The 131st Annual Meeting (November 15-19, 2003) of APHA

The 131st Annual Meeting (November 15-19, 2003) of APHA

4197.0: Tuesday, November 18, 2003 - 2:50 PM

Abstract #73941

Community Activism and Population Health Research : How do they inform Public Health Practice

Marisela Gomez, PhDMDMPH, Health Policy and Management, Johns Hopkins University Bloomberg School of Public Health, 625 N. Wolfe Street, Baltimore, MD 21205, 4102303223, and Carles Muntaner, MD PhD, Behavioral and Community Health, University of Maryland, 655 West Lombard Street, Baltimore, MD 21201.

This paper explores how the political, economic, and cultural factors of an urban community affect the power of this community to effectively advocate on its behalf. We present descriptive data on the redevelopment history, health indicators, and the political and cultural context of East Baltimore, Maryland. We show how the private institution driving redevelopment in this neighborhood affects and is affected by the political, economic, and cultural relationships in this community. Next, we present primary ethnographic data from informal/unstructured interviews, focus groups, a listening project, and in-dept key informant interviews. Our qualitative results describe a current “ government-civic society” relationship in East Baltimore that reveals the insufficient political and economic power of community residents. Data show a community with minimal political clout in its relationship with the local government or the private institution developing in their community and how this power imbalance affects its activism. Furthermore, our findings suggest that community activism cannot overcome a powerful “private institution: local government” relationship and improve the health of its residents. This framework is used to evaluate how the political, economic, and cultural context of communities determines the effectiveness of community activism and ultimately may affect the health of neighborhoods undergoing redevelopment. We conclude that political advocacy is common in epidemiology and public health. Egalitarian advocacy tends to be shunned. On the other hand, advocacy that preserves inequality or hints at minimal change is encouraged.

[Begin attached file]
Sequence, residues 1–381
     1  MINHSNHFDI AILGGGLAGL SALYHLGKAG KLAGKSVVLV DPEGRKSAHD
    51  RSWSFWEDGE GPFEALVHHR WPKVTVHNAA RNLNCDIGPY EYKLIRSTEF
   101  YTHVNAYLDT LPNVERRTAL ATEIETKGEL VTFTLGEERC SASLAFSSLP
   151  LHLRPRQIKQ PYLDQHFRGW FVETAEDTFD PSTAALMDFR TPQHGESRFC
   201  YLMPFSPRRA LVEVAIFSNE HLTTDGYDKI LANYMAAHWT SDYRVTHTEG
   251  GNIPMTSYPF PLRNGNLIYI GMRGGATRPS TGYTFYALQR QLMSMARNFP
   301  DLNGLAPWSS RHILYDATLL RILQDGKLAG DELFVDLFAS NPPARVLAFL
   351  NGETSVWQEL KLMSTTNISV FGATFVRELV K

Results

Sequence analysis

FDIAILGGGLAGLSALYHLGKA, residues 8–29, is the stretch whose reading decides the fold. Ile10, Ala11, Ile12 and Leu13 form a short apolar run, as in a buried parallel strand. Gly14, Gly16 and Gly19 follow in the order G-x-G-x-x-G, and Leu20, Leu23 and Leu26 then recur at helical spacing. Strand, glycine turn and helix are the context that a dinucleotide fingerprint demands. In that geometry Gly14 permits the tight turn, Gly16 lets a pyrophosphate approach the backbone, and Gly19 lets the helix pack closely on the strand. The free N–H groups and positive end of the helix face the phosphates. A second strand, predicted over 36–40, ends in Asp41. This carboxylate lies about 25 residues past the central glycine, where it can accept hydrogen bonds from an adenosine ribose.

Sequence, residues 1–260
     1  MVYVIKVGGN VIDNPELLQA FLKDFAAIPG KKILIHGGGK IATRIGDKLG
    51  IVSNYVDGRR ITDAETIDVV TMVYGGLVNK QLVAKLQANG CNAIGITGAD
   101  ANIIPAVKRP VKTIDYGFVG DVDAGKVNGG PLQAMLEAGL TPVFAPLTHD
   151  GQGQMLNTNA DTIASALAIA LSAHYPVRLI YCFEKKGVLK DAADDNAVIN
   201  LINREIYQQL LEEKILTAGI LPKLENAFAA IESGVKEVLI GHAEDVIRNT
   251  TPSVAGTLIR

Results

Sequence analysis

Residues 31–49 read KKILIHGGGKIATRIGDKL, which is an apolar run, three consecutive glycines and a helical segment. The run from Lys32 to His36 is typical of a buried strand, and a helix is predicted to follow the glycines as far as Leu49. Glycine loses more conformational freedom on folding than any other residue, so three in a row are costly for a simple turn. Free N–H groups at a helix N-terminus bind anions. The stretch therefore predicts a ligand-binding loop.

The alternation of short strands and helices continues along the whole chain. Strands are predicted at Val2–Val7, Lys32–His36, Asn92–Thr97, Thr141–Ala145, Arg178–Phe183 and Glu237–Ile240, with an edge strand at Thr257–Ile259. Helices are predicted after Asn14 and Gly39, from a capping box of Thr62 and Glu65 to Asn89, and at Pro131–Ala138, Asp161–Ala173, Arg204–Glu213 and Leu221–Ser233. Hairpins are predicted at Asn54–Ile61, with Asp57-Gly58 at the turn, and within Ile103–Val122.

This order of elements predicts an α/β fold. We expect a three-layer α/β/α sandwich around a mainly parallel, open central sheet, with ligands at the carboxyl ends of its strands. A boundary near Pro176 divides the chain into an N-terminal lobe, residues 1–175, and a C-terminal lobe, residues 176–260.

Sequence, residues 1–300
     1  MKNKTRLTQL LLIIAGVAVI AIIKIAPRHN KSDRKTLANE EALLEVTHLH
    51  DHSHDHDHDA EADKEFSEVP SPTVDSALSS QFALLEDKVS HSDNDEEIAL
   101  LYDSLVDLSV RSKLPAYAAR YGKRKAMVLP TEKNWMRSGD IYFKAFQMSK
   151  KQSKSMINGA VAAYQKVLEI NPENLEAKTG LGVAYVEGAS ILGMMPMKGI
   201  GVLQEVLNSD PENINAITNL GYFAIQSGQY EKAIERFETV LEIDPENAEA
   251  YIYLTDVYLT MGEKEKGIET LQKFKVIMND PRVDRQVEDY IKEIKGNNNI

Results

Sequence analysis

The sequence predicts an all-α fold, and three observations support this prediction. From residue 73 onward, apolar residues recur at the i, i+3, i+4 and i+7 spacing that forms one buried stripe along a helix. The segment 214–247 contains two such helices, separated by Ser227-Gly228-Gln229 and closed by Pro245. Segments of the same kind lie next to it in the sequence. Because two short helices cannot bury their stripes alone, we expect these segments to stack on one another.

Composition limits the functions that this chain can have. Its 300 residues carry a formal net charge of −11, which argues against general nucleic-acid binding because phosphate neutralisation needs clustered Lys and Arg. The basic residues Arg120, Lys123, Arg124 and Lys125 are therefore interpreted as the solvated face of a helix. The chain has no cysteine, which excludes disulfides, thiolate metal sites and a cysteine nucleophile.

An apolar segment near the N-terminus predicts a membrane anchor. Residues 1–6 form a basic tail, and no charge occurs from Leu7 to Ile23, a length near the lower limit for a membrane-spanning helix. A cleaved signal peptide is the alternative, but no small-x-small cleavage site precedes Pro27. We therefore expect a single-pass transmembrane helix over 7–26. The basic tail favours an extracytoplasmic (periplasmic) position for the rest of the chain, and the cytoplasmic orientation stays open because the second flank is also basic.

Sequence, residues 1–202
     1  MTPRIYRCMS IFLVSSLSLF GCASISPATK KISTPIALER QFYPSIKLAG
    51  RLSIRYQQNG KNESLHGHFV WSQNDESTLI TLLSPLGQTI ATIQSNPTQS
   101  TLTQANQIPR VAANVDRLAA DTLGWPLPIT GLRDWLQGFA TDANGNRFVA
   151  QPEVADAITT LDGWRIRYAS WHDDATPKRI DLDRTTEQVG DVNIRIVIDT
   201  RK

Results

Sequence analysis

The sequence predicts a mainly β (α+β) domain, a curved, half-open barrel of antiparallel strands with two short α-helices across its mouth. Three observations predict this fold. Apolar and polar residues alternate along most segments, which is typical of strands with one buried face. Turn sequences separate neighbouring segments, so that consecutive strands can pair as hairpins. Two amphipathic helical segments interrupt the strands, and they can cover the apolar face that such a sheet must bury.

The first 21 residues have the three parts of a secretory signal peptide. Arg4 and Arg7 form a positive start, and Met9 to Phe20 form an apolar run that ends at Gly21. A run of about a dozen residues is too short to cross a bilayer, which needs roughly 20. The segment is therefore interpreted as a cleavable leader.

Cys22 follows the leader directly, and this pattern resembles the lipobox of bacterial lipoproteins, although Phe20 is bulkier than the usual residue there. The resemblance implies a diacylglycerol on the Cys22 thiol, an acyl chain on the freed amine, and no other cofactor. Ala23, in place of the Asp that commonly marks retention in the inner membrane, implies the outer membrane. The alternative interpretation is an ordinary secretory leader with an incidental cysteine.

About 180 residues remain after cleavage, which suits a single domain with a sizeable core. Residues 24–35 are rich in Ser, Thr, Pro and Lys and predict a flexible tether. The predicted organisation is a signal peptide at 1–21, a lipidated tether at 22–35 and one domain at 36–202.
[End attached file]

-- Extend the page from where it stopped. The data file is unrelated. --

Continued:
Learning Objectives:

Keywords: Politics, Urban Health

Presenting author's disclosure statement:
I do not have any significant financial interest/arrangement or affiliation with any organization/institution whose products or services are being discussed in this session.

Is Scientific Research Compatible With Political, Community And Labor Activism?

The 131st Annual Meeting (November 15-19, 2003) of APHA